Tenzing pacific services

Health Insurance for Seniors
in Southeast Asia

Geoffrey Mann By Geoffrey Mann – November 27, 2023

If your plans include being a long-term Southeast Asia resident during your golden years, you’ll definitely want to consider health insurance. One simple but hard fact most expats don’t want to face is this: as we age, it’s increasingly difficult to find decent, affordable coverage here from private insurers. But as you read through some of the reasons for this, be aware that there are high quality, fair and honest providers and policies available.

Insurance just costs more as we age

Insurance companies exist to make money – if the premiums we pay are greater than their insurance claims, they’ve made a profit. Human health generally deteriorates as we get older, which leads to more and more medical care, which is expensive. This means older customers are more risky than younger, so the insurance companies charge them more in premiums in order to still make that profit.

Health insurance cost more with age
Data from Moneygeek.com

You might already be too old to buy some policies

Private health insurance companies in the region are not required to offer coverage to anyone based on age. So, not surprisingly, many insurers simply cut off insurance eligibility at a certain age. If you’ve reached 65, your options have already shrunk by about one-third.

You could lose your coverage because of your age

Your options can shrink further if you have had prior illnesses and accidents, which is certainly not uncommon for seniors. Again, the insurance providers aren’t subject to requirements that they provide coverage to folks with pre-existing medical conditions. They can – and usually do – charge higher premiums, exclude the existing conditions from your policy’s coverage, or simply decide not to cover you at all.

Repatriation isn’t always an option

Some choose to rely on their home country’s national health system for care in the event of a serious accident or illness.  This approach doesn’t always work:  if you have major injuries or a dire illness, it may not be possible to transport you for days or weeks, during which time you’ll incur significant uncovered expenses.  Also, the cost of a medical transfer can be extraordinary, especially if serious care and equipment is involved.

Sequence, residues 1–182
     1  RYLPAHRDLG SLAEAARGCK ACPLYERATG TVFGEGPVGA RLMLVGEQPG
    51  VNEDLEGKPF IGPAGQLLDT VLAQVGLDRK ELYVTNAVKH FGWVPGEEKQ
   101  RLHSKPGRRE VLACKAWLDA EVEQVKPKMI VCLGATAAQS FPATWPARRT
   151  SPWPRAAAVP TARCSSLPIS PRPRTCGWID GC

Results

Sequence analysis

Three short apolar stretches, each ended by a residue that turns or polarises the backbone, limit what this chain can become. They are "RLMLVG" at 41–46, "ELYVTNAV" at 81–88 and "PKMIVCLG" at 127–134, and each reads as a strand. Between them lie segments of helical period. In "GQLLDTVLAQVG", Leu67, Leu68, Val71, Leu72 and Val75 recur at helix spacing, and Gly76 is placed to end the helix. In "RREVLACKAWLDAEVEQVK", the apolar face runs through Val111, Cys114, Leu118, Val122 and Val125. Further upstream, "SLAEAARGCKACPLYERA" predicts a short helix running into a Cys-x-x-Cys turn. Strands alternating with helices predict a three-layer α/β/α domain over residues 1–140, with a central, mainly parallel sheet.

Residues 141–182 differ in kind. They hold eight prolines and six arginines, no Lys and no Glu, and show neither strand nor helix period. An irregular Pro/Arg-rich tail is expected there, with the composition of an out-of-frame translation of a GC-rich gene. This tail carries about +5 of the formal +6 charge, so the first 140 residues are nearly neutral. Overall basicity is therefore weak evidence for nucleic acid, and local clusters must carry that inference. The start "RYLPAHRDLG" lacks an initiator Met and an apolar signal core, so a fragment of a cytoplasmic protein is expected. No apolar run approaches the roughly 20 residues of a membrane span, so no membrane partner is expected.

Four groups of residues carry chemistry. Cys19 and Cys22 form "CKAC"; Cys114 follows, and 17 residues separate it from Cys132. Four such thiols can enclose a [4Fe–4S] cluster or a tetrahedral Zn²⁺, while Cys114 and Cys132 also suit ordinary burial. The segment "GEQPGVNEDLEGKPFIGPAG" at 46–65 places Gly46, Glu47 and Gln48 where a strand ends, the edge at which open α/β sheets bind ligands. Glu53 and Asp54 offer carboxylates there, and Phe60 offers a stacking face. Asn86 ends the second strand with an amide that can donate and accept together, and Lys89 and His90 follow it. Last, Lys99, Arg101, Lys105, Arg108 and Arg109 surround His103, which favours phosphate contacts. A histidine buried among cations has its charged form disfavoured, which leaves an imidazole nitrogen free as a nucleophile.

How to drive down your cost

There are ways to save on premiums, but they involve tradeoffs.

  • Inpatient-only coverage. Covering outpatient services – day-to-day doctor visits, prescriptions drugs, routine tests, and the like – will typically double the cost of your policy. Skipping this coverage will thus help you save significantly on premiums, and although you’ll need to pay these expenses yourself, you’ll find most of them are relatively cheap in Southeast Asia. On the other hand, a week’s stay in a good hospital can cost upwards of $100,000.

More information on our blog: Inpatient vs Outpatient Health Insurance Benefits

  • Catastrophic coverage with a high deductible. Similarly, you can opt for inpatient-only coverage with a high deductible (aka excess), which will drive down your premium even further. The insurance provider won’t pay for your expenses until you’ve paid the deductible amount yourself, but you can bank your premium savings until you need to pay down the deductible (and hope you won’t need to!).
  • Shrink your coverage area. Worldwide coverage is intuitively more expensive than regional. If you need to travel far and often, this might not be a good option, but if you spend most of your time in Southeast Asia, a regional policy will be cheaper. At the same time, you may be able to opt for a lower annual coverage limit, since medical costs here are significantly lower than in the west.

Finally, make your decision with the goal of sticking with a provider and policy. Changing plans will become increasingly difficult as you get older, and perhaps impossible if you contract a serious illness.

If this all sounds somewhat dire, take heart – there are reasonable options available. Of our top 30 providers, roughly 20 take new customers above age 65, and 15 cover above age 70, but fewer than 5 above age 75. So policies are out there, but please don’t assume finding a suitable choice will be quick and easy, or cheap. Fewer options usually means harder choices. Of course, we strongly recommend consulting with an experienced advisor as you work through these important decisions.

These articles are intended to give you enough information to make informed decisions, but health insurance is complicated. Whether you still have questions on this topic or feel ready to take the first steps toward getting a policy, our advisors can help. Just fill in this form.

Geoffrey Mann

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